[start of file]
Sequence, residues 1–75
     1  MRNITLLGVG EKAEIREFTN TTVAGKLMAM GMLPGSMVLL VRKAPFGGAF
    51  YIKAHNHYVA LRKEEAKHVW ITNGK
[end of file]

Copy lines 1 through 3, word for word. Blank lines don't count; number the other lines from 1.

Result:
Sequence, residues 1–75
     1  MRNITLLGVG EKAEIREFTN TTVAGKLMAM GMLPGSMVLL VRKAPFGGAF
    51  YIKAHNHYVA LRKEEAKHVW ITNGK